Submitted by Jeff Martin on
Just a few weeks ago, my wife, Jess, and I took a few days to create a long weekend in Washington, DC. Drivable within a day, chock full of history and culture, and certainly different from our everyday lives, we agreed that this was just the right place for our quick adventure.
Aside from a quick, there-and-back-in-one-day business trip I took 15 years ago, I had not traveled to the nation’s capital since I was a young child. It had been more than 30 years since I had set foot in any part of the Smithsonian or taken in the grandeur of the National Mall. Of course, with only a couple days at our disposal, we knew we couldn’t see and do everything we wanted. We devoted Friday to a trip to the National Zoo and an evening performance at The Kennedy Center. Saturday was spent visiting the Museum of Natural History, the Museum of American History, and the Museum of African American History and Culture. After brunch on Sunday, we enjoyed a stroll amongst the cherry blossoms and various monuments before heading home.
As I reflect on our time in DC, a summarizing word continues to pop into my head: “observe.”
Admittedly something that hectic schedules and competing demands can hamper, this trip created the opportunity for me to slow down, observe, and learn. From observing the playfulness of a young panda to watching people of all ages marveling at breathtaking gemstones and the Hope Diamond, I found myself feeling both free and inspired. Amos Bronson Alcott – native Connecticut educator and father of Louisa May Alcott – once said, “Observation – more than books and experiences, more than persons – are the prime educators.”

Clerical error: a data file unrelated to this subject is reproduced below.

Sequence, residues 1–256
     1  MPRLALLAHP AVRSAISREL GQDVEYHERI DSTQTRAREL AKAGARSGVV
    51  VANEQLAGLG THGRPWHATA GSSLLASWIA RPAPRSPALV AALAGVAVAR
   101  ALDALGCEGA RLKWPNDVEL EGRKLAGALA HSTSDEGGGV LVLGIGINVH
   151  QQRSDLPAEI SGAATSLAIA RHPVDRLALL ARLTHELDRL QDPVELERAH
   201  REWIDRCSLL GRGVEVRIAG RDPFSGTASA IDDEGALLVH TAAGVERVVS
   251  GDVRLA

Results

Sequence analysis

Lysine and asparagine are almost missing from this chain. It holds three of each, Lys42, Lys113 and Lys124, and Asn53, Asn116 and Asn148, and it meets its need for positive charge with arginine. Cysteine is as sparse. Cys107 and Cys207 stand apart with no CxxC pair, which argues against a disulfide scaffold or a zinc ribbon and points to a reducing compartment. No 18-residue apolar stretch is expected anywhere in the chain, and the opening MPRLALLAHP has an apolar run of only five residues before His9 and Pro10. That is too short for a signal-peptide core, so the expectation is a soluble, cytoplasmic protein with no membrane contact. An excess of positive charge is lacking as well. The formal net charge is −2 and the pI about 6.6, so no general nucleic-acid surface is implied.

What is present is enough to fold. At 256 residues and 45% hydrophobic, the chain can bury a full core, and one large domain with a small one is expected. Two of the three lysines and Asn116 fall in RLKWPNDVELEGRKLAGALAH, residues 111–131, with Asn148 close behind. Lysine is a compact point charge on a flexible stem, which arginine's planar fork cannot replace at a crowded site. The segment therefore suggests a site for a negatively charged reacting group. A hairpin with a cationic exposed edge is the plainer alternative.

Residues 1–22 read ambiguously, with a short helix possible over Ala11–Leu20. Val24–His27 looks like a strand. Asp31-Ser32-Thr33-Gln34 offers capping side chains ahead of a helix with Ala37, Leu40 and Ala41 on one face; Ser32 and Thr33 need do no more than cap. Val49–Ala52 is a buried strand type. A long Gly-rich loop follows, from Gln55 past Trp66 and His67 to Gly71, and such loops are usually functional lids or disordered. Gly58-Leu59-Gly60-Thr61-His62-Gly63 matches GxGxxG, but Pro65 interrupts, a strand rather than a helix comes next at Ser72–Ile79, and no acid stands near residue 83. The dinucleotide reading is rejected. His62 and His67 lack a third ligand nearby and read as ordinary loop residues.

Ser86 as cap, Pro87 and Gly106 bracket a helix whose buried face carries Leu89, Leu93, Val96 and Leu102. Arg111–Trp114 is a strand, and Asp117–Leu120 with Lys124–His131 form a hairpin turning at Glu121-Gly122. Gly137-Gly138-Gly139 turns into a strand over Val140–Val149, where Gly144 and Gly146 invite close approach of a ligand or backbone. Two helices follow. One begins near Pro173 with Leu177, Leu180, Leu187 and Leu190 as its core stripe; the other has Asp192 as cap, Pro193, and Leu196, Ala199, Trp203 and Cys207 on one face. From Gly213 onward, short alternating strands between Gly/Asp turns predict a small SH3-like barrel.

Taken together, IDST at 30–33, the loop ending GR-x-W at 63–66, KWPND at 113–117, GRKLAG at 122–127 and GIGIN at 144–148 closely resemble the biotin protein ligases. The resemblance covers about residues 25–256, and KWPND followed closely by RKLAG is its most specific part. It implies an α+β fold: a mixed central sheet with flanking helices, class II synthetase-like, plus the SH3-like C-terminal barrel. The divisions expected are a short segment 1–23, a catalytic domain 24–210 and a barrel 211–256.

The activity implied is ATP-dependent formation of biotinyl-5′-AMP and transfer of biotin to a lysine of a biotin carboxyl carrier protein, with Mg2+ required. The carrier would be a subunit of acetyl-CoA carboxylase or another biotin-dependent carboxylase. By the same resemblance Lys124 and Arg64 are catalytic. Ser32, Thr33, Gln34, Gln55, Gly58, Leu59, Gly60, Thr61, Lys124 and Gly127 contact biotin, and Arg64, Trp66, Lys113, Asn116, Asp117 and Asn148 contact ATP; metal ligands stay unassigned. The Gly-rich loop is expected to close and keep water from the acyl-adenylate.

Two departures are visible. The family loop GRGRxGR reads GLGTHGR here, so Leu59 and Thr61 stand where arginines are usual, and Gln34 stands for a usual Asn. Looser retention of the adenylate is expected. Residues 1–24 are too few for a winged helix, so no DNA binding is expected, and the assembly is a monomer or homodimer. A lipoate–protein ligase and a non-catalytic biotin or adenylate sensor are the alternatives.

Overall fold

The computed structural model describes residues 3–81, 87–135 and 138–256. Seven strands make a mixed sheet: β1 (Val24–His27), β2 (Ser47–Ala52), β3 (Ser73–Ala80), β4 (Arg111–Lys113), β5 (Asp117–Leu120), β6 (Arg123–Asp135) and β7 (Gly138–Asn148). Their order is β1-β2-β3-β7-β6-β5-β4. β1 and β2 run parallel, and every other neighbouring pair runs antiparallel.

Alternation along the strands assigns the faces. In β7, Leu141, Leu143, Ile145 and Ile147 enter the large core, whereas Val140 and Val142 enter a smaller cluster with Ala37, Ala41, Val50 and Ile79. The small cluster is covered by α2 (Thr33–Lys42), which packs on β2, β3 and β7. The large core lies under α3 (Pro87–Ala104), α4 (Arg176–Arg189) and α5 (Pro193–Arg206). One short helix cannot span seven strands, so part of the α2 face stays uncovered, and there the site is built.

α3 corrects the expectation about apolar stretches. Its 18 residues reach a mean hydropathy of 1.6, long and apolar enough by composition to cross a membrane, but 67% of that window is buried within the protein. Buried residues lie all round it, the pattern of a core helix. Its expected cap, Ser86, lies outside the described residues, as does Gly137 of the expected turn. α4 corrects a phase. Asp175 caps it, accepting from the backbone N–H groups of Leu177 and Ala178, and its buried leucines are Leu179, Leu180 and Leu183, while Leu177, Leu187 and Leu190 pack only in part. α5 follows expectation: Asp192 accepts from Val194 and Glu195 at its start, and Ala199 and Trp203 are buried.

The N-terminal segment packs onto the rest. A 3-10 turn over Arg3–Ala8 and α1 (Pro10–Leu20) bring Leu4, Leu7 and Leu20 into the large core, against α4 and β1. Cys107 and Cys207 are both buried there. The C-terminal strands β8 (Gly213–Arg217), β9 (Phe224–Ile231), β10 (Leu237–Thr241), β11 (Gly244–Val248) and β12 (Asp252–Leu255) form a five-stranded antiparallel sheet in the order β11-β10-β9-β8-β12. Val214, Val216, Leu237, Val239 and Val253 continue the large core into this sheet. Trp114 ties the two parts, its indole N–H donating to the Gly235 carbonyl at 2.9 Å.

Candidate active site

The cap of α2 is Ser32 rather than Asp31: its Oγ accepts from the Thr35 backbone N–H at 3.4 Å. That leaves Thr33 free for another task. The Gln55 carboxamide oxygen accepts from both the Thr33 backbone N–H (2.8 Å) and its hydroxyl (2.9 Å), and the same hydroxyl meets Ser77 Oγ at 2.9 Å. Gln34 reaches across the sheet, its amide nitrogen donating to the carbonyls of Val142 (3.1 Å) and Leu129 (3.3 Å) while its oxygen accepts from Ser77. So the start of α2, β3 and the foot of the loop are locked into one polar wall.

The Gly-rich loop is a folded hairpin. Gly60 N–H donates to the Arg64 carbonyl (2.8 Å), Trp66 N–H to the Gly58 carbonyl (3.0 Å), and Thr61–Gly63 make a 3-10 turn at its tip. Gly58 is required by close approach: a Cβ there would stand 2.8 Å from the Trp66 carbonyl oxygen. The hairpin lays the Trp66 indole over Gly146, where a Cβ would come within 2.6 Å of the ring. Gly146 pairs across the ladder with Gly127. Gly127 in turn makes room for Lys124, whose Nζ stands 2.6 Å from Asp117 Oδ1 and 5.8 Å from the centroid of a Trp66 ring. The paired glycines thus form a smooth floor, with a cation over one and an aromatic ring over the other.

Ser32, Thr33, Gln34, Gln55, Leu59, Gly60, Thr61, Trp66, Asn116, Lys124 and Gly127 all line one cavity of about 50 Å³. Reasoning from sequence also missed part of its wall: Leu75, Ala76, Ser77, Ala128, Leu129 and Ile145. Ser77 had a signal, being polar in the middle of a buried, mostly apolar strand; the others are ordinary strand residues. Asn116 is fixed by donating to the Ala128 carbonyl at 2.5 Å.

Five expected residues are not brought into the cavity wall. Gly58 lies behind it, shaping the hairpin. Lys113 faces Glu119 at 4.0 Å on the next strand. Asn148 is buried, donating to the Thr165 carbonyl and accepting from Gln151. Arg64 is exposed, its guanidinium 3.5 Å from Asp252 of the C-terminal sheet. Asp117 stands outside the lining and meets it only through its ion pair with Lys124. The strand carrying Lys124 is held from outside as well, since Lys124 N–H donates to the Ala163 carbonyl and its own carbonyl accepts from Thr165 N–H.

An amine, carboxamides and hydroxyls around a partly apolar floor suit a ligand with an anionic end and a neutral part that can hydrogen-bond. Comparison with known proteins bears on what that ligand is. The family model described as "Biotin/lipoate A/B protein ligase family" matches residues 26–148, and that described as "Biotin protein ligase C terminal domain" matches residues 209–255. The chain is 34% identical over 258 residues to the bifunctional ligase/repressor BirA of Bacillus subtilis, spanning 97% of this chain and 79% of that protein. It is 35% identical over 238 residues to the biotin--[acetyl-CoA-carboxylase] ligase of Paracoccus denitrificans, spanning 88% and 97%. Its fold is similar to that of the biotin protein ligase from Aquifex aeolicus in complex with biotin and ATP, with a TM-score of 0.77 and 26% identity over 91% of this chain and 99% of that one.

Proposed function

How fortunate we are at Talcott Mountain Science Center & Academy to have seemingly endless opportunities to observe. In so many ways, observation is a critical part of Talcott Mountain’s DNA. We create opportunities for young children to observe their natural surroundings, we are equipped to observe weather patterns or incredible storms as they approach the mountain, and our ridgeline is hard to beat when it comes to observing the night sky. Simply put, Talcott is a place to observe.
A bit of a departure from my usual style of writing, I’m hoping you might engage with me and share some of your favorite observations at Talcott. If you’re a parent of a current or former Talcott student, maybe you can relay some of your child’s most memorable observations, in addition to your own. As I was reminded from my recent time in Washington, DC, and as is integral to the very identity of Talcott Mountain Science Center & Academy, the power of observation cannot be underestimated. Whether it was 5 days ago or nearly 50 years ago, please take a moment to e-mail me, call me, or stop by one of Talcott’s social media pages to share your observations. I’m excited to hear from you.